WandaVision is a story about suburbia with super-powered beings at the helm. It kicks off in a fashion reminiscent of Bewitched and I Dream of Jeannie — intentionally mimicking the grandeur of the bygone sitcom — before veering off into the twisty-turny. It’s reverence meets reinvention. Marvel pays homage to the classics while tinkering with their antiquated formula to pointedly mock the gender stereotypes and sexism that often characterized such shows.
As laugh tracks finish off each quippy remark, Wanda and Vision become the image of an idealistic life. Yet, the mysteries at the core remain everpresent — how could this be? What has resurrected Vision since Avengers: Endgame?
Questions lurk as full explanations remain just out of reach. And, as for Elizabeth Olsen’s Wanda and Paul Bettany’s Vision, they get on quite swimmingly in the mid-1900s. As supporting characters utter phrases like “gee willikers” and “this is gonna be a gas,” Wanda and Vision must convince the townspeople that they are no different than anyone else.
Elizabeth Olsen and Paul Bettany will razz your berries with their old-school, sitcom-style acting
1950s Wanda props her hands at hip level as she walks, always with a subtle hip swish to suggest a polished feminine demeanor. She almost always articulates as if asking a question, and she wonders if wearing pants will sit poorly with a crowd of women garbed in skirts. And, to do magic, why she snaps her fingers of course.
Elizabeth Olsen’s housewife version of Wanda is impeccable; each exaggerated facial expression rests upon her face for that extra second (or two) to ensure the audience catches it. And when her face contorts to indicate confusion, images of Lucille Ball come flooding in. Olsen delivers without over-selling it; she finds the sweet spot that exists between the character viewers know and the tone the show is aiming to strike. And, she meets her match in Paul Bettany.
Vision, though yearning to please his boss at a company that seemingly does nothing, is not just the breadwinner in this tale. He will learn to change a diaper, and he will be there to raise his son, challenging the negative depictions tied to socialized masculinity that defined the mid-1900s. Yet, he’s just as comfortable as Olsen in sitcom land. And, he even gets to try his hand at the physical comedy inherent to slapstick films of the day. He can fall over himself and raise his arms in fright as best as the next guy.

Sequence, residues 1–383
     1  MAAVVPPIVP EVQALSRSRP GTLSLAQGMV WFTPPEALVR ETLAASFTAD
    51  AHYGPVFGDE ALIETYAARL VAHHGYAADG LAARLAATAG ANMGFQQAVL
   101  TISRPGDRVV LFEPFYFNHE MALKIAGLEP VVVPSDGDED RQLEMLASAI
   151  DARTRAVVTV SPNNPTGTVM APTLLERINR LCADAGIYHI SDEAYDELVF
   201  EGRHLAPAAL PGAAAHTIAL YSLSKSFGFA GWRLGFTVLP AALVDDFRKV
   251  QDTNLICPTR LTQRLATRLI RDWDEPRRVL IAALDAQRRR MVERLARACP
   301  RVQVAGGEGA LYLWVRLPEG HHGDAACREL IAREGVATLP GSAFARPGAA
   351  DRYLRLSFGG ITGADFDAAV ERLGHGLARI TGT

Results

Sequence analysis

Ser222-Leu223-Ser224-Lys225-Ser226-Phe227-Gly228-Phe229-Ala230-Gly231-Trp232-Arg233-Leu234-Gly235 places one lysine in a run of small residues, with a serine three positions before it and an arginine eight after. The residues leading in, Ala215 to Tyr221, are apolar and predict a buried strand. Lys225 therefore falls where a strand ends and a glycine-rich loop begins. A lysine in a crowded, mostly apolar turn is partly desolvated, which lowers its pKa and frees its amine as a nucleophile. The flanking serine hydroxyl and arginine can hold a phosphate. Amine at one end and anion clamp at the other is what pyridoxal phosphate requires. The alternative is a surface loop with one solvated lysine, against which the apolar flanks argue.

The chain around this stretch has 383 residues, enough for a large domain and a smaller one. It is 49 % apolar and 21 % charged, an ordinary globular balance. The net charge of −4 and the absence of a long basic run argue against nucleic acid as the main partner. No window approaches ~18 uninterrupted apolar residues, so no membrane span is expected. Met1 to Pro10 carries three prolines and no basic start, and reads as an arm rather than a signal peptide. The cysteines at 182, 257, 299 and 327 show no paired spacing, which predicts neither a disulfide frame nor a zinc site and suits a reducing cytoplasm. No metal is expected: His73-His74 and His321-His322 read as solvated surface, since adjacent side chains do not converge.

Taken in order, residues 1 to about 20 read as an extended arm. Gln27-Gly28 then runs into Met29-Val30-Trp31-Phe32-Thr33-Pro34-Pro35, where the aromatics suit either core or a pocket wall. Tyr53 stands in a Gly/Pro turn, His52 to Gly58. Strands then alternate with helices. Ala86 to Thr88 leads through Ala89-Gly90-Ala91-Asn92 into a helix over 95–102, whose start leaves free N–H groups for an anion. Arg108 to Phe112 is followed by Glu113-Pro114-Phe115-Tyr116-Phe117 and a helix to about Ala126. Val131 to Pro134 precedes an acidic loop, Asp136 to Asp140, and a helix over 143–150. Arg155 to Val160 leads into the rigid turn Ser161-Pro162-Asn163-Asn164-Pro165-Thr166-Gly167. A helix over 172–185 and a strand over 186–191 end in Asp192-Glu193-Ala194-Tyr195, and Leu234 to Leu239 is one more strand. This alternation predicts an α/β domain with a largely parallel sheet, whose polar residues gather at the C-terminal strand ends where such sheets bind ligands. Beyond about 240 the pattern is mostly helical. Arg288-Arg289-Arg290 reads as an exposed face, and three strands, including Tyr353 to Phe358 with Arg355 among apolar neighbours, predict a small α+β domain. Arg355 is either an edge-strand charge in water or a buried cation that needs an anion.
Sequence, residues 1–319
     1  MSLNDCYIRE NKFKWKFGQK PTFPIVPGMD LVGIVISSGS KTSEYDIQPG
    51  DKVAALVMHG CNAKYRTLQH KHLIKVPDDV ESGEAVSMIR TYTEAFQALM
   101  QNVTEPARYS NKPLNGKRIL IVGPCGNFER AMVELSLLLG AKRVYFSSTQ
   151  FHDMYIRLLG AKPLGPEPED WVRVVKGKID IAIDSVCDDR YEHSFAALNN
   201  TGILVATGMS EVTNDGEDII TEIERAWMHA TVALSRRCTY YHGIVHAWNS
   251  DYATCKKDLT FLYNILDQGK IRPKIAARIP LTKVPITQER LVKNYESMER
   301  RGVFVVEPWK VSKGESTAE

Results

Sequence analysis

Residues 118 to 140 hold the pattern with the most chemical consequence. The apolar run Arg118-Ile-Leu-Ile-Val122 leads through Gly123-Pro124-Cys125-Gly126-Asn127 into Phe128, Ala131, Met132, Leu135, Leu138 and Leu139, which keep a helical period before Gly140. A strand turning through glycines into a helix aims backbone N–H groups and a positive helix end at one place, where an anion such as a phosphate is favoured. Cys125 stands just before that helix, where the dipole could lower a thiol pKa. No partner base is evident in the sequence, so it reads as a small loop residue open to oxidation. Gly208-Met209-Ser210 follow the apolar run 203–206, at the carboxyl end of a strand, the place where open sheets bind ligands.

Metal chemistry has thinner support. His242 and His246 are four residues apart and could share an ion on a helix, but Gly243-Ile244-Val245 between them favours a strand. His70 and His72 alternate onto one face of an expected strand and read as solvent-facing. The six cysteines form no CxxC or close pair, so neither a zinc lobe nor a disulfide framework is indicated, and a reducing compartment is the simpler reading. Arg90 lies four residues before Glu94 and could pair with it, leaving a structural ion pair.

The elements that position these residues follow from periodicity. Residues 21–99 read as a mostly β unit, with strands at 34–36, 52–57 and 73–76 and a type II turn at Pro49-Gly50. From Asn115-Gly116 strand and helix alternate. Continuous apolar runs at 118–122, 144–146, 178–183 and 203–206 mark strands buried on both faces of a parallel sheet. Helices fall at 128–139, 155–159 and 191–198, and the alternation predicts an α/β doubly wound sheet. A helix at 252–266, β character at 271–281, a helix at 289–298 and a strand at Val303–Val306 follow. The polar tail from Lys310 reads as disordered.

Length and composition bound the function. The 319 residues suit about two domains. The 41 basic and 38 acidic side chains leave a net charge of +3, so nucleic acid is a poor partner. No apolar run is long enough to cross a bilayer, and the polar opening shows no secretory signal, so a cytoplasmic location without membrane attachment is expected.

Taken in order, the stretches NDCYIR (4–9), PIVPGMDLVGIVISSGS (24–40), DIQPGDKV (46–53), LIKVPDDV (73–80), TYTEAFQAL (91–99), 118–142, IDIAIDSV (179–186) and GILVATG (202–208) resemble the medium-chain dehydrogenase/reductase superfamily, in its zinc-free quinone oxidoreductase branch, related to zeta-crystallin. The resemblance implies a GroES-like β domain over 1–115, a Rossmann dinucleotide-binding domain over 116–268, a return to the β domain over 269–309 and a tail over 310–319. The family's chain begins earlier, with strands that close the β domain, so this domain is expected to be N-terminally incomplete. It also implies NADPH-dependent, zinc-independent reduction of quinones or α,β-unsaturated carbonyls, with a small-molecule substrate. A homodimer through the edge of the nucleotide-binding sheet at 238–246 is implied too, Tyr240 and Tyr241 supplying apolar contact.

Vision is an ideal husband, yet more overtly horny than most male characters were back in the day, which seems to be the writers’ way of poking fun at the lack of a sex drive that once defined TV couples. Both Vision and Wanda’s personalities and predicaments exist somewhere beyond reality — in tune with the sitcom shtick. However, the series remains grounded in the Marvel Cinematic Universe via references to Hydra, Stark Industries, and the like.
It all begins to get a bit old, but the Marvel-themed mayhem makes its entrance in due time
The show lingers a bit too long in this classic atmosphere — journeying from black and white to vibrant technicolor — making stops at Bewitched and Full House along the way. The show briefly loses sight of Marvel’s tried and true appeal, leaving behind the massive action sequences and feats of CGI that define the universe.
The mystery subsisting beneath the suburban staleness cannot compensate for the lack of high-octane thrills. Vision’s unexplainable existence and the perplexity surrounding the show’s entire operation creates a suspenseful, absurdist vibe akin to The Twilight Zone. And, while this is not inherently a flaw, it is in stark contrast to the action-thriller film that the MCU is known for.
The actors and writers seem to be enjoying themselves far too much to recognize — or to care about — the production’s lack of consistency with the expected Marvel ambiance. However, the show course corrects before it’s too late. Just as the concept’s initial intrigue fades and the actors’ early amusements give way to apathy, the bubble bursts. And, the customary Marvel world awaiting creeps in through the cracks in the kitchen. The familiar then meets the fresh, and WandaVision triumphs in untraversed territories.
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